Schools closed today: Full list of RAAC concrete closures as new term begins 

St Benet’s Catholic Primary in Chester-le-Street, County Durham, also remains closed but its smaller nursery building is open as usual.

Lauren Harrison, 33, works there and has one child due to start reception in the main school while her other is about to begin Year Two.

She said: ‘The situation is horrendous for us. We found out on Friday that it was going to be closed.

‘I rely on the kids being at school for me being able to go into work but if it’s closed then we’re stuck.

‘We’re okay for part of this week as my husband is on nightshift but if it goes on for longer then I won’t know what to do.

‘I might have to take parental leave’, she said, adding: ‘Home learning can’t be an option because parents aren’t getting furloughed like they were during Covid’.

A letter sent yesterday to parents from headteacher Catherine Young confirmed the building will remain shut until further notice.

‘Please keep our school community in your prayers at this difficult time’, she said.


Gillian Keegan has insisted the Government has acted with caution by shutting schools with any risks

Construction workers appeared to be on scaffolding dismantling bricks from a chimney at Sale Grammar School today as the concrete crisis gripped schools

Scaffolding goes up as work is  carried out at Mayflower Primary School in Leicester today

Pupils from the Ellen Wilkinson School for girls in Ealing London arrive for the 1st Day of term as it’s announced that Raac had been found in some parts of the school

The Secretary of State for Education in Westminster appearing on TV breakfast shows this morning

Despite Ms Keegan’s assurances about having three companies ready with a supply of temporary classrooms and buildings, parents fear they face having to manage weeks of home schooling while juggling work. 

Daniel Petty after talking to media outside Crossflatts primary in Bradford which has been affected with sub standard reinforced autoclaved aerated concrete

Headteacher at Honywood School, James Saunders, revealed today that RAAC concrete has impacted 22 of the classrooms at his Essex school. He told GB News: ‘There is no way we can get all the children into the school without finding alternative accommodation’.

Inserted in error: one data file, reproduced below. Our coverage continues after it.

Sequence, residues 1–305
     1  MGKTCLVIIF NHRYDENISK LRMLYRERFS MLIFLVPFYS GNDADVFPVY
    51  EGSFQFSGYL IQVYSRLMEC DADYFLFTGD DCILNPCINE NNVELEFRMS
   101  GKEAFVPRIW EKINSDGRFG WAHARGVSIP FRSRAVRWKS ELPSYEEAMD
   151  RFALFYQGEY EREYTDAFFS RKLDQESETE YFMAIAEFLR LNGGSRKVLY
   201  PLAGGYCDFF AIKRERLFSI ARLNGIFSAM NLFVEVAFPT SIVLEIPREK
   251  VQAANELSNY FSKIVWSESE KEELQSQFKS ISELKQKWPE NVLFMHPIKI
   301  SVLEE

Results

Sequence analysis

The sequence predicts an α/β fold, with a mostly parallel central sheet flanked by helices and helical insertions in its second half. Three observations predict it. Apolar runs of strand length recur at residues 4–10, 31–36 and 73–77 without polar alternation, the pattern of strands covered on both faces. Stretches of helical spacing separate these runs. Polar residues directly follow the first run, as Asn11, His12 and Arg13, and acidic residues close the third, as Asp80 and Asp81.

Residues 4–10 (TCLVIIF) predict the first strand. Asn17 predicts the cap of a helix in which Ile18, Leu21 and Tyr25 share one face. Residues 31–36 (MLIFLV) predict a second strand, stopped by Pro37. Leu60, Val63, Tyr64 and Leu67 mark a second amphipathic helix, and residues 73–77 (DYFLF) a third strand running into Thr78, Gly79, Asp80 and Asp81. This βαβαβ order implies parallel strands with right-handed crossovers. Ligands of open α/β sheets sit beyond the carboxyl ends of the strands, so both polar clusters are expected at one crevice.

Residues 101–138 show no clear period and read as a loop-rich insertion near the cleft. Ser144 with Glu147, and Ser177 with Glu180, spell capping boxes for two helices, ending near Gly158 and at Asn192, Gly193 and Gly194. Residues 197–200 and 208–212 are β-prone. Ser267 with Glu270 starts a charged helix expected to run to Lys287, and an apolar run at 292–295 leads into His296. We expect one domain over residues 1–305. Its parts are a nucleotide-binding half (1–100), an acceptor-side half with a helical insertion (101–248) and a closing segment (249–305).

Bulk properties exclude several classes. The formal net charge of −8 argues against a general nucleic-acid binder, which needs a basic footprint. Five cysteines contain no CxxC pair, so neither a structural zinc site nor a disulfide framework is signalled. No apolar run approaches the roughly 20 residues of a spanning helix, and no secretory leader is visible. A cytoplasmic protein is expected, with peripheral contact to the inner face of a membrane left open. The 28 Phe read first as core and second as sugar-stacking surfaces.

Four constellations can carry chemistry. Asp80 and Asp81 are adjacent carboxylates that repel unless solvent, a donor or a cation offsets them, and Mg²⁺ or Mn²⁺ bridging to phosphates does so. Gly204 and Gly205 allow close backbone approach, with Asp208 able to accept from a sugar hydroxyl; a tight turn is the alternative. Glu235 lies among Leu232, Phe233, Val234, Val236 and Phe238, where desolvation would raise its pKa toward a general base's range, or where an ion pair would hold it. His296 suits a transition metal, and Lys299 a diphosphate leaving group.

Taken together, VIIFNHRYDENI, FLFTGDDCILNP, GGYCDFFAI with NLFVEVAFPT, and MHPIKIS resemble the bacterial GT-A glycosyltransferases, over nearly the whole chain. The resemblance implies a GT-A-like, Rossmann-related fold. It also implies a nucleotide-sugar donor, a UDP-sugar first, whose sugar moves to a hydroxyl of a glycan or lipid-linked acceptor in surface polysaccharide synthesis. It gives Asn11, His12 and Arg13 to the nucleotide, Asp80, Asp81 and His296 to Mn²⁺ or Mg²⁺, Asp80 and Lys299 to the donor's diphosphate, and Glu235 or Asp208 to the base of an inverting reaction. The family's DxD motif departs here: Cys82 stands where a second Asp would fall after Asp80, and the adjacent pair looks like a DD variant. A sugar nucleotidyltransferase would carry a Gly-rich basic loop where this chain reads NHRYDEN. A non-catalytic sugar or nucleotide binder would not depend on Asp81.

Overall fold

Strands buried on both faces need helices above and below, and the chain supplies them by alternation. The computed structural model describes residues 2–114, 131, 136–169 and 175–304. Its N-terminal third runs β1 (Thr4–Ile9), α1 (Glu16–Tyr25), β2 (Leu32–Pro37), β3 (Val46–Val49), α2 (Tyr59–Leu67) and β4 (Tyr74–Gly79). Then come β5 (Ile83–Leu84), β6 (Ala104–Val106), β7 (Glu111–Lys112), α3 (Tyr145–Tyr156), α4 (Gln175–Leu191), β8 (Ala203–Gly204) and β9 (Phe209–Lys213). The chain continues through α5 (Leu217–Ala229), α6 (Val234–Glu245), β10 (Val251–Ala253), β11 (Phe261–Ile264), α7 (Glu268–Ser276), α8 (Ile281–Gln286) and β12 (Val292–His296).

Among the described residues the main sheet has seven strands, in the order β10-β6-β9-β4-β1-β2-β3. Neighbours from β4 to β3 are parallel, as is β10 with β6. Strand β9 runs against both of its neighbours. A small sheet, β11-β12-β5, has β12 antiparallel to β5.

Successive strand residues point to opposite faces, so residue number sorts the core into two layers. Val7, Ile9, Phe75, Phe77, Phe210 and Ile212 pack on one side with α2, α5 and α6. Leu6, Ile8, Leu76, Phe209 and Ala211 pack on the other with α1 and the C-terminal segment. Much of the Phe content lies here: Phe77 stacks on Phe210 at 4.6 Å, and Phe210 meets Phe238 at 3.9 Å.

Head of Waddesdon School in Buckinghamshire, Matthew Abbott, revealed that the Department for Education only informed them on Thursday that there is RAAC in two areas of their buildings.

He said: ‘We have had to make some urgent interim arrangements for our students returning to school next week while we cannot use these blocks. It means years 7, 8 and 12 will attend for face-to-face learning while years 9, 10, 11 and 13 will move to remote learning at the start of the year’. He added that he hoped this would be short term but ‘ultimately the safety of the school community has to take priority’.

If home schooling returns, it could have a terrible impact on children and their education. A post-pandemic study in Germany found that the IQs of children dropped in lockdown. Students also suffered increased stress, anxiety, and social isolation. 

Children attending St John Bosco Catholic Primary in Sunderland, Tyne and Wear, were due to return tomorrow but parents do not know if this is still the case.

Hundreds more schools could face shutdowns over crumbling concrete, Ms Keegan has admitted.

The Education Secretary conceded huge uncertainty remains over a slew of questions as she faced a bruising round of interviews this morning. She acknowledged that meant ‘hundreds’ of schools could have further issues that will require mitigations, although she stressed the vast majority will be completely safe and the government’s approach is ‘very, very cautious’. 

The minister signalled that structural inspections were being dramatically speeded up, after an outcry that the current timetable of December was unacceptable. 

And she committed to publishing a full list of institutions affected after they have been double-checked. 

Although she insisted that schools will not be left out of pocket, Ms Keegan was unable to give any estimate of the cost to the taxpayer from dealing with the problems.

Ms Keegan said: ‘The vast majority of children will be going back today. There will be some where they’ve got quite extensive RAAC (reinforced autoclaved aerated concrete) so they may close so that we can put temporary accommodation in place.